Pennsylvania nursing home

In this Nov. 6, 2015 file photo, an elderly couple walks down a hall of a nursing home in Easton, Pa.

(The Center Square) – Pennsylvania’s 12.8 million residents grew older and more diverse over the past decade, according to data from the U.S. Census Bureau, mirroring a trend seen nationwide as the country’s largest generation turns 65. 

“The first Baby Boomers reached 65 years old in 2011,” said Dr. Luke Rogers, chief of the Census Bureau’s Population Estimates Branch. “Since then, there’s been a rapid increase in the size of the 65-and-older population, which grew by over a third since 2010. No other age group saw such a fast increase.”

Census figures estimate that about 79 percent of the Keystone state’s population is at least 18-years-old – ranking 22nd nationwide. Despite falling in the middle of the pack, Pennsylvania’s population growth over the last two years has virtually stalled, outpacing only nine other states that have seen significant declines since 2018: New Jersey, Vermont, Mississippi, Connecticut, Louisiana, Hawaii, New York, Illinois, Alaska and Virginia.

Regionally, the Northeast’s negative growth lags far behind the West and South, where population growth has exceeded 8 percent in areas. 

State researches noticed a similar trend in a 2017 analysis that concluded Pennsylvania’s senior population – defined as those 65 and older – grew 20 times faster than all other age groups. Its 2.2 million senior residents ranked the fifth highest in the nation that year. By 2030, the Pennsylvania State Data Center estimates for every 100 working residents, there will be 35 seniors.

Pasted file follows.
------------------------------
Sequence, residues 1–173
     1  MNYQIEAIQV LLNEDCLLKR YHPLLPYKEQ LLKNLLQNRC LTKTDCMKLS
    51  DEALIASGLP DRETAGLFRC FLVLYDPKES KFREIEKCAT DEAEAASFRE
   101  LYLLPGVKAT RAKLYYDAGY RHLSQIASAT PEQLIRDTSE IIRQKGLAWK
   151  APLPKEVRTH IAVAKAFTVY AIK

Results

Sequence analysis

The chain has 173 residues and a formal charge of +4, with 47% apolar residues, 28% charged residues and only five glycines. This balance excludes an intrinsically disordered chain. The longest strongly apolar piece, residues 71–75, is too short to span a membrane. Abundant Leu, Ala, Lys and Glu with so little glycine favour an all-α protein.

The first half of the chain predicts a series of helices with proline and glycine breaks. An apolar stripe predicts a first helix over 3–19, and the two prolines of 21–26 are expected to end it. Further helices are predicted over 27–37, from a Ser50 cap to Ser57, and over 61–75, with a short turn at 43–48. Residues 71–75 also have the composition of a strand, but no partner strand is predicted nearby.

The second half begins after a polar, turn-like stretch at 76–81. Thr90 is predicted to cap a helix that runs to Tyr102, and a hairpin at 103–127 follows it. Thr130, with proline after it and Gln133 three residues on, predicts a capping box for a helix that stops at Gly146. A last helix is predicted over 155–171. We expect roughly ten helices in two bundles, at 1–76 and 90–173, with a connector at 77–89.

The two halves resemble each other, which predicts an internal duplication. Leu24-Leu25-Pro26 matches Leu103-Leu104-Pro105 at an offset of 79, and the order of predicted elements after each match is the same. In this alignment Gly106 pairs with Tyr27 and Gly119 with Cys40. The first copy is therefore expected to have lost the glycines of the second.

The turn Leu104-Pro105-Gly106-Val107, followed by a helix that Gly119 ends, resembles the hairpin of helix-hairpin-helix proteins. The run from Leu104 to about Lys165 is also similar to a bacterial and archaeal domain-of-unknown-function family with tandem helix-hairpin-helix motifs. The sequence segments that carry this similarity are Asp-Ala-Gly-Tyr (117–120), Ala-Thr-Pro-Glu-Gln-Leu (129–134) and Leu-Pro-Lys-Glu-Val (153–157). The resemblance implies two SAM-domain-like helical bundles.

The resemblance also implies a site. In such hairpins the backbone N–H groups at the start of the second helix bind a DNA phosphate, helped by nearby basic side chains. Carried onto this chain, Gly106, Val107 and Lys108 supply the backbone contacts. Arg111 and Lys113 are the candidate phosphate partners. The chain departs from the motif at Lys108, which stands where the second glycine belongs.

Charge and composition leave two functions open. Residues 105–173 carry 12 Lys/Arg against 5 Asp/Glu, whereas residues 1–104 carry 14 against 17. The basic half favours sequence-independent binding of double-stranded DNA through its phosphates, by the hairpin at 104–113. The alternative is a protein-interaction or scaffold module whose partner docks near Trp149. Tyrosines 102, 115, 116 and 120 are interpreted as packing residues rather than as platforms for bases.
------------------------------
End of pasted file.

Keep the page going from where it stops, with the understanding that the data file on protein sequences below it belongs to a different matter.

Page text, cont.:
Rogers said nationally, fertility is trending downward, meaning that the under-18 population in the United States is smaller than it was a decade ago. Pennsylvania is no exception.

How to keep young professionals from fleeing the state remains a perennial topic of discussion in the Legislature. Gov. Tom Wolf’s February budget proposal included a $200 million Nelly Bly Scholarship Program that would pay tuition for college students enrolled at one the 14 state-run universities so long as they remained in Pennsylvania following their graduation.

“With less college debt, graduates can buy a car and a home, start a family and save for retirement,” he said. “The program also strengthens our 14 public universities and creates a talented labor force that Pennsylvania needs to thrive.”

Staff Reporter

Christen Smith follows Pennsylvania's General Assembly for The Center Square. She is an award-winning reporter with more than a decade of experience covering state and national policy issues for niche publications and local newsrooms alike.